Norris, P., Noble, M., Francolini, I., Vinogradov, A.M., Stewart, P.S., Ratner, B.D., Costerton, J.W. and Stoodley, P. (2005) Ultrasonically controlled release of ciprofloxacin from self-assembled coatings on poly(2-hydroxyethyl methacrylate) hydrogels for Pseudomonas aeruginosa biofilm prevention. Antimicrobial Agents and Chemotherapy, 49 (10), 4272-4279. (doi:10.1128/AAC.49.10.4272-4279.2005).

Record type: Article

Abstract

Indwelling prostheses and subcutaneous delivery devices are now routinely and indispensably employed in medical practice. However, these same devices often provide a highly suitable surface for bacterial adhesion and colonization, resulting in the formation of complex, differentiated, and structured communities known as biofilms. The University of Washington Engineered Biomaterials group has developed a novel drug delivery polymer matrix consisting of a poly(2-hydroxyethyl methacrylate) hydrogel coated with ordered methylene chains that form an ultrasound-responsive coating. This system was able to retain the drug ciprofloxacin inside the polymer in the absence of ultrasound but showed significant drug release when low-intensity ultrasound was applied. To assess the potential of this controlled drug delivery system for the targeting of infectious biofilms, we monitored the accumulation of Pseudomonas aeruginosa biofilms grown on hydrogels with and without ciprofloxacin and with and without exposure to ultrasound (a 43-kHz ultrasonic bath for 20 min daily) in an in vitro flow cell study. Biofilm accumulation from confocal images was quantified and statistically compared by using COMSTAT biofilm analysis software. Biofilm accumulation on ciprofloxacin-loaded hydrogels with ultrasound-induced drug delivery was significantly reduced compared to the accumulation of biofilms grown in control experiments. The results of these studies may ultimately facilitate the future development of medical devices sensitive to external ultrasonic impulses and capable of treating or preventing biofilm growth via "on-demand" drug release.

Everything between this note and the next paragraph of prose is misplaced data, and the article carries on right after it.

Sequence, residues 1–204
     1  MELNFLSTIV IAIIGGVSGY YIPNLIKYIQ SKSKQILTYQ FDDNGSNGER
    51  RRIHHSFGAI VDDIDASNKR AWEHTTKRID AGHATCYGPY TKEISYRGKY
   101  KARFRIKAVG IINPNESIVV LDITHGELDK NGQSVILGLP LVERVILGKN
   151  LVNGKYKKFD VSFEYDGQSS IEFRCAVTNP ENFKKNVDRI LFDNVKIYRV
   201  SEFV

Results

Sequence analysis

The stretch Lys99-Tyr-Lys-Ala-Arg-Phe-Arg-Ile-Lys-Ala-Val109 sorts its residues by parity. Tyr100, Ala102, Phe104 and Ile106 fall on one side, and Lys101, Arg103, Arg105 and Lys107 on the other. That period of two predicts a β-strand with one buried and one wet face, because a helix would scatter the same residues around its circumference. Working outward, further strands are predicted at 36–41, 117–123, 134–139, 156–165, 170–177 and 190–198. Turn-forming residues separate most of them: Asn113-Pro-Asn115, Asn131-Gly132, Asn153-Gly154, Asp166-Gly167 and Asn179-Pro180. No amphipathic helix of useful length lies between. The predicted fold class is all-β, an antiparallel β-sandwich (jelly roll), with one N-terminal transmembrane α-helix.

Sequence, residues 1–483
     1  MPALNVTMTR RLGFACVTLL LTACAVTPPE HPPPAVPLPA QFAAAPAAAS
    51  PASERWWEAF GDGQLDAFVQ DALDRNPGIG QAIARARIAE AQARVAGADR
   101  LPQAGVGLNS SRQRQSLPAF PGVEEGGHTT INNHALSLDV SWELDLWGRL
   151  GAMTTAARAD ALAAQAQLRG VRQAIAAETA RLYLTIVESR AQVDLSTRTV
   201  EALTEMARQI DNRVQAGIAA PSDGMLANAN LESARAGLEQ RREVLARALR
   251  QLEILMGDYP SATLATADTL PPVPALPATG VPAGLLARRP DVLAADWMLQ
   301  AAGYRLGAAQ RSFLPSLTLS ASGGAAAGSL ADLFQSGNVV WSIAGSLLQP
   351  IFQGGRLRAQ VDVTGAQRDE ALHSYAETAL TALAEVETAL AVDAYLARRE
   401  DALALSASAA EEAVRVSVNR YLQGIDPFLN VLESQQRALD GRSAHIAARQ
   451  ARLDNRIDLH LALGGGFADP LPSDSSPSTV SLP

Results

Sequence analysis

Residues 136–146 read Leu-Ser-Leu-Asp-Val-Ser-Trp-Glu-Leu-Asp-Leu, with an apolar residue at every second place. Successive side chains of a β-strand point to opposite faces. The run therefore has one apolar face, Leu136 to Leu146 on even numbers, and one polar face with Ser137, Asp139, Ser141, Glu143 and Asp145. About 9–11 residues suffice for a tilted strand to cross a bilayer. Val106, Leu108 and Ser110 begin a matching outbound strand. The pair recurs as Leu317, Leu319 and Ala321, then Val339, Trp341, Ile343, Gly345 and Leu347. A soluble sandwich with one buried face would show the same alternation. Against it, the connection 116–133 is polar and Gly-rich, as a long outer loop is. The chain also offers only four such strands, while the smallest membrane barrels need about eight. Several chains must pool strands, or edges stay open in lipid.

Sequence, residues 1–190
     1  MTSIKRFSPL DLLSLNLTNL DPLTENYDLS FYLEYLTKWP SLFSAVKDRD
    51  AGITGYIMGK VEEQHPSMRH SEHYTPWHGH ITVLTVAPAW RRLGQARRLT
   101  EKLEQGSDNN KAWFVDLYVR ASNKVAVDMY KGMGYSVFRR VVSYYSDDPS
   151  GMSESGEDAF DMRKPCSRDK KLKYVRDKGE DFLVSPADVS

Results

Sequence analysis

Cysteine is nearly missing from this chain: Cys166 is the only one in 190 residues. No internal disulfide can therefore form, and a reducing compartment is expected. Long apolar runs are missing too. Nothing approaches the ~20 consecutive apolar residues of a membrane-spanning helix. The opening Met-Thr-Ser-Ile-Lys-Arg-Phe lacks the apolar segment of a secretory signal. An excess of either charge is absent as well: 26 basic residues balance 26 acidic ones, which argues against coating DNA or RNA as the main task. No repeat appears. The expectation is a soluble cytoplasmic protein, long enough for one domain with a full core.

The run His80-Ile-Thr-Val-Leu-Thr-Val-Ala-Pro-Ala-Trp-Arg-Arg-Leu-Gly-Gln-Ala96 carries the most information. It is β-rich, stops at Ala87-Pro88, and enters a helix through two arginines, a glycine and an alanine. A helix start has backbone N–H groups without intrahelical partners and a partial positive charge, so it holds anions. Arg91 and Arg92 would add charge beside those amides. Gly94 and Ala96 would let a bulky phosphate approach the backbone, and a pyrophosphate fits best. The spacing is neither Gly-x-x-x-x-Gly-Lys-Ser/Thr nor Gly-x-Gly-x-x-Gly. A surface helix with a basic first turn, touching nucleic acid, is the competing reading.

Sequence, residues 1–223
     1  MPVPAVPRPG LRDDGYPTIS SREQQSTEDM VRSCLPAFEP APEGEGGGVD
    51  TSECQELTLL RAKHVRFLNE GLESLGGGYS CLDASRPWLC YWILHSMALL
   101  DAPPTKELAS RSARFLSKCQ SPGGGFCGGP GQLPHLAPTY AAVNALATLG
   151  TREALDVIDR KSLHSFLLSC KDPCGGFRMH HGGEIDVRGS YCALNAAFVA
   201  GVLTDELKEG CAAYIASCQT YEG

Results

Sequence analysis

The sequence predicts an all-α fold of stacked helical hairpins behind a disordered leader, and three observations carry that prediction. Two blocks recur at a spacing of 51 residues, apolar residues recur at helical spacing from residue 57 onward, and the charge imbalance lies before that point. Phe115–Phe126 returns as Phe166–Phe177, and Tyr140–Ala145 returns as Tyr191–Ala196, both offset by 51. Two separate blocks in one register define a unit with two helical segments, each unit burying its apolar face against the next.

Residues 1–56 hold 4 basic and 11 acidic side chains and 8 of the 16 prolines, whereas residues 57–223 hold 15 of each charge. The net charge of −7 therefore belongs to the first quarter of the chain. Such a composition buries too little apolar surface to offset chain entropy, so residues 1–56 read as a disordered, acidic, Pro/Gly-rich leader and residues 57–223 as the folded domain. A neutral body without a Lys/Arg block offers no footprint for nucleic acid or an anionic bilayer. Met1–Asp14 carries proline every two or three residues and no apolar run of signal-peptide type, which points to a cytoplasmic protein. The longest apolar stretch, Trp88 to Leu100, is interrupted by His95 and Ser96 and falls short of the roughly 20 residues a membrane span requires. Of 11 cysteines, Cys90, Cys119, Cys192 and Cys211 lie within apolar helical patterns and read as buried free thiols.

Full text not available from this repository.

More information

Published date: October 2005
Organisations: Engineering Mats & Surface Engineerg Gp

Identifiers

Local EPrints ID: 155955
URI: https://eprints.soton.ac.uk/id/eprint/155955
ISSN: 0066-4804
PURE UUID: 4832be6d-f773-4949-95bb-130721a069ea
ORCID for P. Stoodley: ORCID iD orcid.org/0000-0001-6069-273X

Catalogue record

Date deposited: 08 Jun 2010 12:18
Last modified: 19 Jun 2019 00:33

Export record

Altmetrics

Download statistics

Downloads from ePrints over the past year. Other digital versions may also be available to download e.g. from the publisher's website.

View more statistics

Atom RSS 1.0 RSS 2.0

Contact ePrints Soton: eprints@soton.ac.uk

ePrints Soton supports OAI 2.0 with a base URL of https://eprints.soton.ac.uk/cgi/oai2

This repository has been built using EPrints software, developed at the University of Southampton, but available to everyone to use.

We use cookies to ensure that we give you the best experience on our website. If you continue without changing your settings, we will assume that you are happy to receive cookies on the University of Southampton website.

×